Most people want to believe that people are inherently good, but sometimes people (for whatever reason) choose to do the wrong thing. Sometimes it is because we have done something to offend them and we didn’t realize it (or we did, in which case, an apology is in order.) But sometimes the actions are simply out of pure spite, and they haven’t been taught any better.
Sometimes the only thing that can help us forgive them is to feel a kind of pity for them. It is sad when people resort to offending, and one can only guess what brought them to that point in their life where they felt it was necessary.
The best we can do is realize that they’re offense need have no bearing on us, we can still be kind, and maybe in some cases we should let them know that we forgive them for the things they did or said. Each situation calls for a different reaction, but kindness and love should always be at the root of how we respond.
The Self Inflicted Offense
This is an interesting last example, but sometimes an action we make offends ourselves. We make a wrong decision and later have trouble forgiving ourselves for the choice we made. This can be one of the most paralyzing offenses because it leads us to self-pity, self-disgust, and self-loathing. We think less of ourselves and therefore begin to deteriorate in making good decisions and pushing ourselves to become better.
This is the point where we stop believing that we have any good qualities because we falter in one aspect of our lives. Before long, our good qualities do seem to disappear because they are not given the care and attention they need, instead all of our attention is brought to what we fail at, and instead of focusing on fixing, it’s focusing on how horrible it is that we carry this load.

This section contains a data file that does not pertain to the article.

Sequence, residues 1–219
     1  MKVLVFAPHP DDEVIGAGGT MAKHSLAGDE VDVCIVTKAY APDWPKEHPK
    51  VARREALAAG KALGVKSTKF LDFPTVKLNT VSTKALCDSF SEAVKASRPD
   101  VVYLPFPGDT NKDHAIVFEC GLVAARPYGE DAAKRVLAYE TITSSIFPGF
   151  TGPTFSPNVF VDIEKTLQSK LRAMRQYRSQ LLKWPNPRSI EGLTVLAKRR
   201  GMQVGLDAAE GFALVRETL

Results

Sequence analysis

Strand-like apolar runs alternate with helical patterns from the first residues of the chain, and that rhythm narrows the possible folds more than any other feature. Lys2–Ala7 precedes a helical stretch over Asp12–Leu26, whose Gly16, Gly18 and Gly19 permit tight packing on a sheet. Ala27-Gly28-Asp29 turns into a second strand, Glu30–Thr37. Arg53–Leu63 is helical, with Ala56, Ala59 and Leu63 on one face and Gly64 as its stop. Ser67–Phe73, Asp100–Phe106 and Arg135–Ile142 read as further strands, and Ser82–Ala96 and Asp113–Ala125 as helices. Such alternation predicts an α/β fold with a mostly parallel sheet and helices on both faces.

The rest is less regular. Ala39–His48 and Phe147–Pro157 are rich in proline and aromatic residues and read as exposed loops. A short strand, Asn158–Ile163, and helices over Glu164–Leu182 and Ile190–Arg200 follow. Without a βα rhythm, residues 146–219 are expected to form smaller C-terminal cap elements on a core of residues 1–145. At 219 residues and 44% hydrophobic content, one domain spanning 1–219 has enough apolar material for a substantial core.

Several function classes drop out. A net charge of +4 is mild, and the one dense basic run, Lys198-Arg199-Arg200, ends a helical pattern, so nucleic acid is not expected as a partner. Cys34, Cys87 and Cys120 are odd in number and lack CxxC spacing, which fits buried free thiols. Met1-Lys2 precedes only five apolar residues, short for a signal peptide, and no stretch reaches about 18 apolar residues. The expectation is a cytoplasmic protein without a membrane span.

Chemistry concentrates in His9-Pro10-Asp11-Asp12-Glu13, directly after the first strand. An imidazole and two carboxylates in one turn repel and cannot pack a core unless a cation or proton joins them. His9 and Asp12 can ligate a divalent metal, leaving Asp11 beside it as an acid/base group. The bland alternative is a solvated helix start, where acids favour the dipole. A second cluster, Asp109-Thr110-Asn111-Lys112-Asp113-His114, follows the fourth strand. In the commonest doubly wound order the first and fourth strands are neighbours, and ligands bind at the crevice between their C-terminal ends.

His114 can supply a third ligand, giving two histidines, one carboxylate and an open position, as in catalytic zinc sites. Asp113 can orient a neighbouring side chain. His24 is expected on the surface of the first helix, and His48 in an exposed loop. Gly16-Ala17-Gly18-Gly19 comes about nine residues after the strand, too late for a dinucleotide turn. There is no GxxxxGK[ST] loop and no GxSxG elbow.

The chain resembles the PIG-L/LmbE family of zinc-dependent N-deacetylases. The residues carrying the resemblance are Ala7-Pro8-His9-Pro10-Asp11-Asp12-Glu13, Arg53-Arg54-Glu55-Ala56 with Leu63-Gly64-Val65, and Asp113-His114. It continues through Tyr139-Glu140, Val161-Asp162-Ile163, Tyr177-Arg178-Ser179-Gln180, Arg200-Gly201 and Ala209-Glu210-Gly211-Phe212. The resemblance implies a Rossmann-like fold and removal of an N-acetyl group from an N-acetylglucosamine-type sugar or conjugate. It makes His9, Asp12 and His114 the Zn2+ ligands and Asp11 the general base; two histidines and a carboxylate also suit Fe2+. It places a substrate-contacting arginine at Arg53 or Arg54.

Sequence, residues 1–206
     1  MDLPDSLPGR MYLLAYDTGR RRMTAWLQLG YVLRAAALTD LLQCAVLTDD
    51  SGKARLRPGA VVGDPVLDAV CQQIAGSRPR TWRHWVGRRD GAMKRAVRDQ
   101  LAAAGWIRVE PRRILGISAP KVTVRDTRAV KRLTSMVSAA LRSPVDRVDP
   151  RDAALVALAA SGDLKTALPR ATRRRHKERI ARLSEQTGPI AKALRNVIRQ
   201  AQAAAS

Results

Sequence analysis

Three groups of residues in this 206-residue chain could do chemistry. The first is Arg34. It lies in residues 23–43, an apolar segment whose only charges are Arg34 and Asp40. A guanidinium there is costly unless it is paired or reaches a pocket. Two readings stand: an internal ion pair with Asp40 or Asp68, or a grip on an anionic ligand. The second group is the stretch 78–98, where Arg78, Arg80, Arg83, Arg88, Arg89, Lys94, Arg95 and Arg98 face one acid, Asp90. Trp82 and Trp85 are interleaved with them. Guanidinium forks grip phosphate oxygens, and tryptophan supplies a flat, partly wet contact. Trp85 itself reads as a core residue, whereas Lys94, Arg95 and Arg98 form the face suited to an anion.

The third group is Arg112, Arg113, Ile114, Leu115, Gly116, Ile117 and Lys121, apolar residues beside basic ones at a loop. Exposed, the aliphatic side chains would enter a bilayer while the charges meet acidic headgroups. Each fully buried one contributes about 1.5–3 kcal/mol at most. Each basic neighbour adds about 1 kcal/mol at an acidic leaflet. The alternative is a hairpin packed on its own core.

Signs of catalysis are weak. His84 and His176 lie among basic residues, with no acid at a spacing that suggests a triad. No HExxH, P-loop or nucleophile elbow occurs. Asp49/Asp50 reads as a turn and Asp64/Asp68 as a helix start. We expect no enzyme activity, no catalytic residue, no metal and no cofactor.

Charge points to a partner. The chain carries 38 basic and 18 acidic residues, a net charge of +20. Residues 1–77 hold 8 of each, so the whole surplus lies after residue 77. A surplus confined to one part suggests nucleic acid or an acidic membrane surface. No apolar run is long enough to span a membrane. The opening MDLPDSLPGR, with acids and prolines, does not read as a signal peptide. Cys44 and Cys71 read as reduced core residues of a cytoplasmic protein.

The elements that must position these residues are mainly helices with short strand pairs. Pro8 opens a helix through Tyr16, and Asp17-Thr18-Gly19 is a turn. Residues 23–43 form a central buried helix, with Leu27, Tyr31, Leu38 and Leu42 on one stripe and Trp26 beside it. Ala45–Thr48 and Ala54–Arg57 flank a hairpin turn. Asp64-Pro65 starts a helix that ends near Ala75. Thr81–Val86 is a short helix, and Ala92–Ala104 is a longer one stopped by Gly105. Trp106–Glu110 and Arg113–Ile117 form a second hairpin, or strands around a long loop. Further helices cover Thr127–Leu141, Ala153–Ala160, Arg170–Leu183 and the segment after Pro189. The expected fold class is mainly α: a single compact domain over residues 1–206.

Example: This is extreme, but maybe you have a problem smoking. It is an addiction, and thus hard to overcome, but instead of giving focus to your good qualities, such as your service in baking for your neighbors every week, you focus on how horrible of a person you are because of this habit.
If we can but learn to forgive ourselves and simply strive to do better, and be better every day, we can reach a place of peace within ourselves.
Finding a way to forgive others, or ourselves, and move on can be a beautiful and important quality. There are very few other things that can stop us so much in a tracks as holding a grudge, or refusing to let go of anger surrounding a certain person, or a certain experience.
The first step to forgiveness is recognizing where the other person is at. Was it an accident? Was it on purpose and they apologized? Was it just simply on purpose? Or was it a weakness? From there we can navigate our feelings and come to a place of comfort and forgiveness.